With ethics, quality and integrity at its core, Punks and Chancers epitomises what makes Birmingham glorious. As the brand approaches its second birthday, Shelley Carter caught up with founder Zoe Barry
From bags made entirely out of recycled material to the softest organic tees stitched in factories that guarantee a living wage, local brand Punks and Chancers seems to have captured the mood of the city where quality, ethics and independence are king. If you follow Punks and Chancers on Instagram you’ll know a lot already. If you don’t, well, where have you been? Sharing snapshots of family life, new launches, a bucketload of love for Brum and feel good collaborations, there’s much to celebrate.
Zoe describes Punks and Chancers as: “A fun bus travelling at speed strewing bold garments and accessories in its wake. It’s an imperfectly formed small team of one which I run with a DIY punk ethic that’s embedded into my daily life.”
Working life hasn’t always been so feel good mind you. There was a time pre-Punks and Chancers when Zoe worked as a fashion buyer for high street stores which she describes as ‘bloody awful’. She says: “If anyone’s reading this and thinks, ‘ooh that sounds exciting’ it’s not. It’s a corporate arse.”
Zoe then set up a small interiors company making hand-stitched lighting. She was commissioned by some top interior designers and worked on incredible projects, including one on a yacht moored in Monaco. She designed collaborative ranges for Toast and Anthropologie and taught lampshade-making at the weekend. Zoe recalls: “For several years, I really loved it, but after eight years I began to find the work less enticing and I wanted a change. I’m a big believer in changing stuff up when you get the itch.”
Zoe started Punks and Chancers small to minimise risks. She explains: “It freed me up to be able to think. Financial constraints are the enemy of creativity. I wanted to use my skills in product design, sewing, fabric knowledgeable and I knew I needed to build a brand that could be embedded in my life, so that my life could cross over into my work and vice-versa.”
Company ethics have always been top of the agenda. As well as being organic and stitched in Fairwear factories, the tees are screen printed with eco-inks in Birmingham and all packaging is recyclable – zero plastic is used. Zoe says: “We don’t bang on about our sustainability as much as we should really; we think it’s just the way things should be anyway.”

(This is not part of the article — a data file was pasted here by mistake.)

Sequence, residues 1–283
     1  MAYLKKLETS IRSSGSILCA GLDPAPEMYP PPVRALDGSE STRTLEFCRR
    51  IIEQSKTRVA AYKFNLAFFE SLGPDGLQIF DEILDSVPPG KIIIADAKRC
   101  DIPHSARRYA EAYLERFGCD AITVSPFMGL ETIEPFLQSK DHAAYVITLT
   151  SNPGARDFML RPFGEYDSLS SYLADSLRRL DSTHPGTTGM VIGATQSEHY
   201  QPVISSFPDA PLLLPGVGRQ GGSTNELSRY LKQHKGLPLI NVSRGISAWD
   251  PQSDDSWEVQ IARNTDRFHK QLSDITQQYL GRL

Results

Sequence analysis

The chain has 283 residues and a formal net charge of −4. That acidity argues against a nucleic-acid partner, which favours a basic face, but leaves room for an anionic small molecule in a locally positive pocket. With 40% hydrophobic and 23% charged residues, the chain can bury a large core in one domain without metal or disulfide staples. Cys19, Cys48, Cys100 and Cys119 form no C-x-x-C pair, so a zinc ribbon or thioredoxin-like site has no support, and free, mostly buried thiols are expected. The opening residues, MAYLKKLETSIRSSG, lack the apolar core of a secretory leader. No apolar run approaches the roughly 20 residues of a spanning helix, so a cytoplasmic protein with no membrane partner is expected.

Instagram has been incredibly important in getting the brand out, but not all social media has been valuable. Zoe says: “I love Instagram which I find inclusive and positive. I can’t be arsed with Facebook due to finding it the exact opposite. I have a Twitter account which I’d like to use more but honestly, there are only so many hours in the day!”
Rewarding collaborations with local charities have been among the highlights of the first two years. The No Bab tee – a collaboration with The Wilderness – raised £2,000 for SIFA Fireside which provides crucial support for the city’s homeless. A collaborative tee with local independent shopkeepers, the Hedge raised more than £1,000 for Birmingham Children’s Hospital as well as ongoing projects raising funds for Action for Refugees and University Hospital Birmingham.
Having settled in Birmingham 13 years ago, Zoe loves how the city has developed its independent scene over the past few years and says: “As a relative newbie, I feel privileged to be a part of it and to have been embraced by it.” Zoe developed a soft spot for Brum spending most weekends here as a teen shopping vintage in the rag market and being turned away from clubs for wearing the wrong shoes and says: “To see other people realise what a beauty Birmingham is, is a thing to behold. I’m very proud of my city.”
There’s much in the pipeline to get excited about over the next few months. Zoe says: “New stuff comes all the time. When I feel it, it happens! There’s something on its way in an awesome colour for summer as well as a new yoga range due out in the next couple of months.” It’s also Punks and Chancers second birthday in the first week of July of which Zoe says: “Last year we celebrated spectacularly for a week so this year should be good. Keep your eyes on Instagram!”